Grey Water System Diagram

In the below diagram you can see the basics of a system. You’ll see how the washer can be switched with a branched valve to either go to the sewer or the outside irrigation. The water then travels outside, into the garden and finally into drip points above mulch beds.

system diagram of a grey water system

Our Simple Greywater Setup For Our Tiny House

I certainly had never considered such things until Cedric and I went volunteering on organic farms. In the south of Spain a small olive farm where water is scarce and they were watering their flower garden with the water from their sinks and showers. It was the first time I’d ever seen a greywater system in action. As aquifers run dry and water becomes a scarcer resource, I see the proper recycling of it essential to transitioning our treatment of water to a more sustainable system and tiny house dwellers are on the front lines of this transition.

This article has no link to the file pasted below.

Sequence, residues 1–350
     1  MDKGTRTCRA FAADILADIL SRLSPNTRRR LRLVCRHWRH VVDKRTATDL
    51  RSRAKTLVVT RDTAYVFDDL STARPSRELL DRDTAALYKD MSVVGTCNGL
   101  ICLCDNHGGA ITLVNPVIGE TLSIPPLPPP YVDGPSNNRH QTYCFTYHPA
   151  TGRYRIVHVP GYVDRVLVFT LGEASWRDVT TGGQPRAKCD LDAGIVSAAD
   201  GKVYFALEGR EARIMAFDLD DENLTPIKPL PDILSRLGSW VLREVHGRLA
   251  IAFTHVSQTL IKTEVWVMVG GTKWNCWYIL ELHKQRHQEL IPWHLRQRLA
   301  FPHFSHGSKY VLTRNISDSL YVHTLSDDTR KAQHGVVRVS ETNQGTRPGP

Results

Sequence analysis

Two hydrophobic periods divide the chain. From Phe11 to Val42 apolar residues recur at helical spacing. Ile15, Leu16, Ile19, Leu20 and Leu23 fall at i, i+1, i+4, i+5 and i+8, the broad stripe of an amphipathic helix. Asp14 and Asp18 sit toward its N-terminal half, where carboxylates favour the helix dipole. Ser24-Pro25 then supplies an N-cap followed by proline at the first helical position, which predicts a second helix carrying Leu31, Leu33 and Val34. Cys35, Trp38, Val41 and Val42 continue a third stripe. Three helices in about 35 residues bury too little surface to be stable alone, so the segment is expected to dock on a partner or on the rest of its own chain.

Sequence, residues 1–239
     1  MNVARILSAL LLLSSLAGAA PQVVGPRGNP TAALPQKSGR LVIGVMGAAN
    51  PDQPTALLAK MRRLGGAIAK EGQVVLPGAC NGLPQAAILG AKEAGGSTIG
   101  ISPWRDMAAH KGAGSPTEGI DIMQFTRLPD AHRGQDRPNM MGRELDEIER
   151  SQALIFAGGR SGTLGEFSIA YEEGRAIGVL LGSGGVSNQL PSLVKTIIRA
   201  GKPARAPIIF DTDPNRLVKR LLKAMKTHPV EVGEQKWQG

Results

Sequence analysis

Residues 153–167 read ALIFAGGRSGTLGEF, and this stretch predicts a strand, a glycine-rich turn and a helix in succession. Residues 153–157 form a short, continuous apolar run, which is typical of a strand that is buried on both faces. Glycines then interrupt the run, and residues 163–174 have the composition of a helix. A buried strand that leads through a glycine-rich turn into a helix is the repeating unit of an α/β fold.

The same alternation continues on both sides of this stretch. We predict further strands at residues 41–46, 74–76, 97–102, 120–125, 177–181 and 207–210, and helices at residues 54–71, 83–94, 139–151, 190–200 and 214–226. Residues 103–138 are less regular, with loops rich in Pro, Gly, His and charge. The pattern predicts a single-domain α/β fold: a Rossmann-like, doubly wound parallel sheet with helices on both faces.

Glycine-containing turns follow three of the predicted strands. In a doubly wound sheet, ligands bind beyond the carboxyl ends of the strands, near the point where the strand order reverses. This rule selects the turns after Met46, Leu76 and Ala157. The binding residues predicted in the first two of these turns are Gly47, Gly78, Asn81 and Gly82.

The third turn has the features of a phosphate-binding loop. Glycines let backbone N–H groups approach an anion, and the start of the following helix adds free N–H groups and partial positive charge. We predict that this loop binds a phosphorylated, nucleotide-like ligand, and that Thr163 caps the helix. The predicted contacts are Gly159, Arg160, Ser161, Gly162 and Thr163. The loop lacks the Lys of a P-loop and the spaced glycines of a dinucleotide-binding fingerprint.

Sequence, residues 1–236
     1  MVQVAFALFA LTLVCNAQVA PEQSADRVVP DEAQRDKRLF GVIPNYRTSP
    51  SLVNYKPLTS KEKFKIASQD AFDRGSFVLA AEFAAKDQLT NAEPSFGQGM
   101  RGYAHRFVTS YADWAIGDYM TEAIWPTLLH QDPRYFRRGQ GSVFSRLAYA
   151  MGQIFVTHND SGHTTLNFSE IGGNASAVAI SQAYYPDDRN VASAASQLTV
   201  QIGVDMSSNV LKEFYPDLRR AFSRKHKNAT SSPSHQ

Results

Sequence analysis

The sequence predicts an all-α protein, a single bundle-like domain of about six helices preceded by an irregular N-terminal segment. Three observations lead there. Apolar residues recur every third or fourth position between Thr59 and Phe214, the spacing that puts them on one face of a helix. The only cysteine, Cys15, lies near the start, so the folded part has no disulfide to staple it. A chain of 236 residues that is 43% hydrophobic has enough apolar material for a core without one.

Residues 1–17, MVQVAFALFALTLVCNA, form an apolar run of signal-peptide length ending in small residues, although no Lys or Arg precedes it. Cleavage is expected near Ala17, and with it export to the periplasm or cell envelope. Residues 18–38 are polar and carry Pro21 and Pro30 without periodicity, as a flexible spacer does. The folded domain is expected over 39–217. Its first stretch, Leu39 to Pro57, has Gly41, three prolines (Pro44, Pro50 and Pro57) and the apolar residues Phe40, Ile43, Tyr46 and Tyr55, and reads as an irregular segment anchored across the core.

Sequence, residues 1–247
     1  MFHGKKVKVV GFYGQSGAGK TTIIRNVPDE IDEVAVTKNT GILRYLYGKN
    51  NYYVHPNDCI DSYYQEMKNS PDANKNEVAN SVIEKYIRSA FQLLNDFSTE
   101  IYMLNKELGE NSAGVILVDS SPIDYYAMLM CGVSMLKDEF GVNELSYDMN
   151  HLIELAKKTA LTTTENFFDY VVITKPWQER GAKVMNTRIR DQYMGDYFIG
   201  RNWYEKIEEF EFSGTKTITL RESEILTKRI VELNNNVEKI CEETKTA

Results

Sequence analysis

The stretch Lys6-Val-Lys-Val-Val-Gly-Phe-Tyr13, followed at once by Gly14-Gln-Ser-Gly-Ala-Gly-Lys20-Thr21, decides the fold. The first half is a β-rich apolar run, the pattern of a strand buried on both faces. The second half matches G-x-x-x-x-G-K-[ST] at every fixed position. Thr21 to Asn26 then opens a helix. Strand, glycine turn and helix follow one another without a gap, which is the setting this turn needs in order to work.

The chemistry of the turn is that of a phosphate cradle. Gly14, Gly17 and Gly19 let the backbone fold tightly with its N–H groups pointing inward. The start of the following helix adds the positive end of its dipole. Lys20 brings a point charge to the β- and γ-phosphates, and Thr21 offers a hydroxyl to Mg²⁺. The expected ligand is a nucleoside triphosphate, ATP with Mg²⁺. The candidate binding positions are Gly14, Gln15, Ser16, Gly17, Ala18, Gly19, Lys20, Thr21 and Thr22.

grey water in my garden

Living in a tiny house we have had to face the challenge of disposing our water safely since we weren’t hooked up to the city’s system. Our initial introduction at that farm inspired us to try a simple, DIY system that would use our greywater to irrigate a small garden.

We took 1 1/2″ pvc pipe, attached it to the plumbing of the house and buried it in the garden. Since we didn’t put in a filter we did not put any solids of any kind down the drain. We also carefully chose our bath soaps, used homemade shampoos and biodegradable dish soap so as not to damage the soil, plants or watershed. The PVC pipe was placed in a 2 foot deep ditch that had been lined with gravel and landscape fabric. Along the pipe we drilled many little holes to allow the water to escape. This technique is very similar to a french drain.